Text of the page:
Double Pendulum

This is a simulation of a double pendulum. For large motions it is a chaotic system, but for small motions it is a simple linear system.

You can change parameters in the simulation such as mass, gravity, and length of rods (enable the "show controls" checkbox). You can drag the pendulum with your mouse to change the starting position.

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For small angles, a pendulum behaves like a linear system (see Simple Pendulum). When the angles are small in the Double Pendulum, the system behaves like the linear Double Spring. In the graph, you can see similar Lissajous curves being generated. This is because the motion is determined by simple sine and cosine functions.

For large angles, the pendulum is non-linear and the phase graph becomes much more complex. You can see this by dragging one of the masses to a larger angle and letting go.

We regard the pendulum rods as being massless and rigid. We regard the pendulum masses as being point masses. The derivation of the equations of motion is shown below, using the direct Newtonian method.

Kinematics of the Double Pendulum

double pendulum variables
Kinematics means the relations of the parts of the device, without regard to forces. In kinematics we are only trying to find expressions for the position, velocity, & acceleration in terms of the variables that specify the state of the device.
We place the origin at the pivot point of the upper pendulum. We regard y as increasing upwards. We indicate the upper pendulum by subscript 1, and the lower by subscript 2. Begin by using simple trigonometry to write expressions for the positions x1, y1, x2, y2 in terms of the angles θ1, θ2.

x1 = L1 sin θ1

y1 = −L1 cos θ1

x2 = x1 + L2 sin θ2

y2 = y1L2 cos θ2

The velocity is the derivative with respect to time of the position.

x1' = θ1' L1 cos θ1

y1' = θ1' L1 sin θ1

x2' = x1' + θ2' L2 cos θ2

y2' = y1' + θ2' L2 sin θ2

The acceleration is the second derivative.
   x1'' = −θ1'2 L1 sin θ1 + θ1'' L1 cos θ1 (1)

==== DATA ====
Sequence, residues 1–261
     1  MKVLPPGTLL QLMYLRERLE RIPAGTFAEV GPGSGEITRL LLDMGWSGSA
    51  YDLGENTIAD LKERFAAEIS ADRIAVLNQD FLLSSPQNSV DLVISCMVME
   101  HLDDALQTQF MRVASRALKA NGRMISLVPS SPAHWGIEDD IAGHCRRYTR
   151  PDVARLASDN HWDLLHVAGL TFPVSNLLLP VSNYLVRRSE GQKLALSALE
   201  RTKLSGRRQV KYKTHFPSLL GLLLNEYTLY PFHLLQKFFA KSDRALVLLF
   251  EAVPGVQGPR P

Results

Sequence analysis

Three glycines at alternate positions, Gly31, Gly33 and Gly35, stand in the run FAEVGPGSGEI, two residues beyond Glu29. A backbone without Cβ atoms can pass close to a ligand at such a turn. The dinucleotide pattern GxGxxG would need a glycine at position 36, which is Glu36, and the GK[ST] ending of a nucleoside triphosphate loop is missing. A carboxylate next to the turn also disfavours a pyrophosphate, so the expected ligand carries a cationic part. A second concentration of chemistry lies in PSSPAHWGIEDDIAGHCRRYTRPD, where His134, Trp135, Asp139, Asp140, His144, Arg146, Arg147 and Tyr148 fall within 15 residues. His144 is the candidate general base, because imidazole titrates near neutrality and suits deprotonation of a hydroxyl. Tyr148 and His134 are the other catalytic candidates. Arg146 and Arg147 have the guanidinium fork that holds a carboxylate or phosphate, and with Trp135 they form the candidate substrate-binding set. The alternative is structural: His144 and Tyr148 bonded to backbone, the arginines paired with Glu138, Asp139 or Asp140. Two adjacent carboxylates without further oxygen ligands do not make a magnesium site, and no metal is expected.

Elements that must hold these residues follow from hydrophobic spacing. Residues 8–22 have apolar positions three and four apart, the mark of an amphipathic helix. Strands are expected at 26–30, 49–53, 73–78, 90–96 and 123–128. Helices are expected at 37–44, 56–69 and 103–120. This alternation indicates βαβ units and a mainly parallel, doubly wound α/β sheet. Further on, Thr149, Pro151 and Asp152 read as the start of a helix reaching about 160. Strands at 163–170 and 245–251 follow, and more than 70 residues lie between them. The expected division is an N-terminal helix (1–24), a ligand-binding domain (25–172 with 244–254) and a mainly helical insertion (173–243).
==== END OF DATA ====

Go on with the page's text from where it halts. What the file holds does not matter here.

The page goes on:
y1'' = θ1'2 L1 cos θ1 + θ1'' L1 sin θ1 (2)
   x2'' = x1'' − θ2'2 L2 sin θ2 + θ2'' L2 cos θ2 (3)
   y2'' = y1'' + θ2'2 L2 cos θ2 + θ2'' L2 sin θ2 (4)

Forces in the Double Pendulum

forces in upper mass of double pendulum
upper mass

forces in lower mass of double pendulum
lower mass
We treat the two pendulum masses as point particles. Begin by drawing the free body diagram for the upper mass and writing an expression for the net force acting on it. Define these variables: The forces on the upper pendulum mass are the tension in the upper rod T1, the tension in the lower rod T2, and gravity m1 g. We write separate equations for the horizontal and vertical forces, since they can be treated independently. The net force on the mass is the sum of these. Here we show the net force and use Newton's law F = m a.
   m1 x1'' = −T1 sin θ1 + T2 sin θ2 (5)
   m1 y1'' = T1 cos θ1T2 cos θ2m1 g (6)
For the lower pendulum, the forces are the tension in the lower rod T2, and gravity m2 g.
   m2 x2'' = −T2 sin θ2 (7)
   m2 y2'' = T2 cos θ2m2 g (8)
In relating these equations to the diagrams, keep in mind that in the example diagram θ1 is positive and θ2 is negative, because of the convention that a counter-clockwise angle is positive.

Direct Method for Finding Equations of Motion

Now we do some algebraic manipulations with the goal of finding expressions for θ1'', θ2'' in terms of θ1, θ1', θ2, θ2'. Begin by solving equations (7), (8) for T2 sin θ2 and T2 cos θ2 and then substituting into equations (5) and (6).
   m1 x1'' = −T1 sin θ1m2 x2'' (9)
   m1 y1'' = T1 cos θ1m2 y2'' − m2 gm1 g (10)
Multiply equation (9) by cos θ1 and equation (10) by sin θ1 and rearrange to get
   T1 sin θ1 cos θ1 = −cos θ1 (m1 x1'' + m2 x2'') (11)
   T1 sin θ1 cos θ1 = sin θ1 (m1 y1'' + m2 y2'' + m2 g + m1 g) (12)
This leads to the equation
   sin θ1 (m1 y1'' + m2 y2'' + m2 g + m1 g) = −cos θ1 (m1 x1'' + m2 x2'') (13)
Next, multiply equation (7) by cos θ2 and equation (8) by sin θ2 and rearrange to get
   T2 sin θ2 cos θ2 = −cos θ2 (m2 x2'') (14)
   T2 sin θ2 cos θ2 = sin θ2 (m2 y2'' + m2 g) (15)
which leads to
   sin θ2 (m2 y2'' + m2 g) = −cos θ2 (m2 x2'') (16)
Next we need to use a program such as Mathematica to solve equations (13) and (16) for θ1'', θ2'' in terms of θ1, θ1', θ2, θ2'. Note that we also include the definitions given by equations (1-4), so that we have 2 equations (13, 16) and 2 unknowns (θ1'', θ2''). The result is somewhat complicated, but is easy enough to program into the computer.
θ1'' =   g (2 m1 + m2) sin θ1m2 g sin(θ1 − 2 θ2) − 2 sin(θ1θ2) m2 (θ2'2 L2 + θ1'2 L1 cos(θ1θ2))
L1 (2 m1 + m2m2 cos(2 θ1 − 2 θ2))
θ2'' =   2 sin(θ1θ2) (θ1'2 L1 (m1 + m2) + g(m1 + m2) cos θ1 + θ2'2 L2 m2 cos(θ1θ2))
L2 (2 m1 + m2m2 cos(2 θ1 − 2 θ2))
These are the equations of motion for the double pendulum.

Numerical Solution

The above equations are now close to the form needed for the Runge-Kutta method. The final step is convert these two 2nd order equations into four 1st order equations. Define the first derivatives as separate variables: Then we can write the four 1st order equations:

θ1' = ω1

θ2' = ω2

ω1' =   g (2 m1 + m2) sin θ1m2 g sin(θ1 − 2 θ2) − 2 sin(θ1θ2) m2 (ω22 L2 + ω12 L1 cos(θ1θ2))
L1 (2 m1 + m2m2 cos(2 θ1 − 2 θ2))
ω2' =   2 sin(θ1θ2) (ω12 L1 (m1 + m2) + g(m1 + m2) cos θ1 + ω22 L2 m2 cos(θ1θ2))
L2 (2 m1 + m2m2 cos(2 θ1 − 2 θ2))
This is now exactly the form needed to plug in to the Runge-Kutta method for numerical solution of the system.

This web page was first published February 2002.

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